KABUL, Afghanistan — Secretary of State Mike Pompeo on Saturday visited the Gulf nation of Qatar, where he met with Afghan and Taliban negotiators who are trying to break a deadlock in their stalled peace negotiations. He landed hours after a deadly rocket attack in Kabul, the latest evidence of the violence spiraling across Afghanistan.
The rocket barrage slammed into the heart of Kabul, killing at least eight people and wounding more than two dozen. The attack early on Saturday set off warning sirens that blared across the diplomatic quarters of the Afghan capital, and residents on their morning commute took cover.
The Islamic State claimed responsibility for the attack, according to the SITE Intelligence Group, which monitors Islamic State announcements. The group is seen by many experts as one of the primary spoilers for any future peace in Afghanistan.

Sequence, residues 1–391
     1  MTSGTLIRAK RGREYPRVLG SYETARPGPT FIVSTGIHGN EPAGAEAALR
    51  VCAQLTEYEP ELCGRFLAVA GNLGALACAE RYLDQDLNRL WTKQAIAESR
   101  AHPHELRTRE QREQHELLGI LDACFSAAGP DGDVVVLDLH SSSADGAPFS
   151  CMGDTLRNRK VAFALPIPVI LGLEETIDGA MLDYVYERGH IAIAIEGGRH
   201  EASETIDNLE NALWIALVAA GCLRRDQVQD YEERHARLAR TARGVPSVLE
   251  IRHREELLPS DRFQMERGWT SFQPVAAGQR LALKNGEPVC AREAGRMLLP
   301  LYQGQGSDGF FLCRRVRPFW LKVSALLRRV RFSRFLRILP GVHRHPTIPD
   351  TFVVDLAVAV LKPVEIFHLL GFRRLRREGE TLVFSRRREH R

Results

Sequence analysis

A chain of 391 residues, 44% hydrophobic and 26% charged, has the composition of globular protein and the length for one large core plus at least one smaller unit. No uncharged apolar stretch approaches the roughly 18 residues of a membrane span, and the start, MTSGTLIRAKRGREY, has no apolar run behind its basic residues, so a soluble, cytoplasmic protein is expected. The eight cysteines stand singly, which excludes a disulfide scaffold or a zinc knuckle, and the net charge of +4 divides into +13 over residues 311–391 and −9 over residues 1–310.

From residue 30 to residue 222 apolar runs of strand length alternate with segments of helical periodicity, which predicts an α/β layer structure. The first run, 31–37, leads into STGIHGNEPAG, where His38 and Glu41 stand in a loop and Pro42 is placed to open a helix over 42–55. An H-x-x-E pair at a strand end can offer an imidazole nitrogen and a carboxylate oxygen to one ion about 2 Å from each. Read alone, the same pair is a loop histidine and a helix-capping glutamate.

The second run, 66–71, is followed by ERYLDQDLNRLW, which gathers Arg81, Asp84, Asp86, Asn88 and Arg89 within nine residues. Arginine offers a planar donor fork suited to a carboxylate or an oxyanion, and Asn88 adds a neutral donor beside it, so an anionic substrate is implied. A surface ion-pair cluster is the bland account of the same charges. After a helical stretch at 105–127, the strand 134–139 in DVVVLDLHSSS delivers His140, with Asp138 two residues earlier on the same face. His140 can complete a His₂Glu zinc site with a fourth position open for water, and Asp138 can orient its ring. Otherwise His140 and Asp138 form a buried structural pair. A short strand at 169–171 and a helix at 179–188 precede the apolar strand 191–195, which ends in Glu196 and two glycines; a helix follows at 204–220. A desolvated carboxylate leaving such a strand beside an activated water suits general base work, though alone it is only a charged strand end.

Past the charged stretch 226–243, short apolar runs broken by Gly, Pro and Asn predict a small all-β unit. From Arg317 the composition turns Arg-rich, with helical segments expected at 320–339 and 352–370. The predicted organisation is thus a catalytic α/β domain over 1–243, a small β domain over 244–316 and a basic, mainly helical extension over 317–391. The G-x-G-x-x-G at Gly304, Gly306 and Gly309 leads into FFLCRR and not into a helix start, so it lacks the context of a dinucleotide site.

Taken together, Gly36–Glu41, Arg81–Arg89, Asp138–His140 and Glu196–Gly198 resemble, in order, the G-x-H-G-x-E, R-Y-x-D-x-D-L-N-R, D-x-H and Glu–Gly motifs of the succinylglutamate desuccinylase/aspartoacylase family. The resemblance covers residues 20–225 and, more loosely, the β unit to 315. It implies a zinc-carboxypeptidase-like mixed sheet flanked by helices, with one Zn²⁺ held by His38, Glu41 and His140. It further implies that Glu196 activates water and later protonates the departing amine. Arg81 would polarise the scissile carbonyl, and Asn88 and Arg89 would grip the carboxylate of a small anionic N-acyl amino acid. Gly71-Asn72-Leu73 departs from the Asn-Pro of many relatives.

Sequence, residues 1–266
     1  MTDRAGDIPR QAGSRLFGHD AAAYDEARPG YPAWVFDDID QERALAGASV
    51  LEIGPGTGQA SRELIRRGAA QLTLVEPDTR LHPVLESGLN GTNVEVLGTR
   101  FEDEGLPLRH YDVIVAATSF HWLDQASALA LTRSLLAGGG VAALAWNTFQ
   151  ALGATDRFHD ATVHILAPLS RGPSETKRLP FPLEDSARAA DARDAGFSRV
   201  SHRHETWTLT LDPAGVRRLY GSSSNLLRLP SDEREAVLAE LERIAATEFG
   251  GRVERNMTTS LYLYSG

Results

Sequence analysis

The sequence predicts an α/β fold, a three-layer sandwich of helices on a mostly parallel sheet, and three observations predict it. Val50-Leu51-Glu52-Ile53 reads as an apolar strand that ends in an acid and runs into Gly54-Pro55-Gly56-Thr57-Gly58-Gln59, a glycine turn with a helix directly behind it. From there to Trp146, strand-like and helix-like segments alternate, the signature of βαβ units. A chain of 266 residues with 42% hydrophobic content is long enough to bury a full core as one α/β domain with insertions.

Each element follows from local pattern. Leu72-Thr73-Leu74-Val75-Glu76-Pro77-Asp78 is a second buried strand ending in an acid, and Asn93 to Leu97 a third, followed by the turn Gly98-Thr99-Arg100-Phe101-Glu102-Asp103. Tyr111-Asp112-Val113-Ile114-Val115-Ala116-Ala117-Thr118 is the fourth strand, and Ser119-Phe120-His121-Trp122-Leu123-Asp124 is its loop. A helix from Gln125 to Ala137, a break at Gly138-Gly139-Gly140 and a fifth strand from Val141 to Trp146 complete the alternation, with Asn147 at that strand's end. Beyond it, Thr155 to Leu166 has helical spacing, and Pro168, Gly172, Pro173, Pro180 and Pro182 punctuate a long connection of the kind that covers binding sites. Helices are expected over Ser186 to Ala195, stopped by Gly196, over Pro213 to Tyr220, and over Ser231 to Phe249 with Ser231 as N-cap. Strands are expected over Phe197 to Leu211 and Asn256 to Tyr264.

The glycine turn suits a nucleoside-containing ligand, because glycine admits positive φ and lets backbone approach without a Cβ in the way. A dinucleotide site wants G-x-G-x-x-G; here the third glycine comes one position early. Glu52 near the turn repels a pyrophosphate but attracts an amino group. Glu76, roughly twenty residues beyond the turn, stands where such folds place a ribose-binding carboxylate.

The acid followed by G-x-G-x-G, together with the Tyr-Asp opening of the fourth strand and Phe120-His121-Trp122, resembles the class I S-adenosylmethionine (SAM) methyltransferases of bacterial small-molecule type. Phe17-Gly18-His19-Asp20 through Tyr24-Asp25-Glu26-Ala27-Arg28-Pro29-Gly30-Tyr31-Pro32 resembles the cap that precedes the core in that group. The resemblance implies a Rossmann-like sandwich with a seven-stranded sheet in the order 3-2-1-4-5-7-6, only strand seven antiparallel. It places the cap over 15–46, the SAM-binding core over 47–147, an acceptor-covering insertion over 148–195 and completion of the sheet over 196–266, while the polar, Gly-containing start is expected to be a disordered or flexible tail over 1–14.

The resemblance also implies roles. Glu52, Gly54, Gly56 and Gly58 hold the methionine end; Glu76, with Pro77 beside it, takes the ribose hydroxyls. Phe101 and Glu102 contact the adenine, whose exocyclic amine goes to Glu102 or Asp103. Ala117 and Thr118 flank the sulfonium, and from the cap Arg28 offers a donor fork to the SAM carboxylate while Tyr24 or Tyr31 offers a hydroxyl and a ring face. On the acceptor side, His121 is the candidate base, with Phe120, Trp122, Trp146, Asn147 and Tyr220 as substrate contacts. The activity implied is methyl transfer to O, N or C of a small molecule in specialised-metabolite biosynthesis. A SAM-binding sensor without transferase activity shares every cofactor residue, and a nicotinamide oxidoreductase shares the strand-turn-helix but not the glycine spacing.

Qatar is the latest stop on Mr. Pompeo’s whirlwind lap of diplomacy in the waning hours of the Trump administration, looking to push forward White House foreign policy objectives before President-elect Joseph R. Biden Jr. takes office in January. The Pentagon said this week that it would reduce the number of U.S. troops in Afghanistan by nearly half — to 2,500, down from 4,500 by mid-January.
The troop withdrawal has sown uncertainty among Afghan officials, who are hoping for a policy change under Mr. Biden. Afghan security forces, still reliant on U.S. airstrikes, have struggled to defend territory from recent Taliban offensives.
In Doha, which has been hosting the peace talks, representatives of the Afghan government and the Taliban have been wrestling over two main sticking points for months, and negotiators from both sides have said in recent days that they are close to a breakthrough.
The Afghan government and the Taliban have been stuck on which school of Islamic thought to use for resolving disputes during the negotiations, and if the Feb. 29 U.S.-Taliban deal would be referenced during them.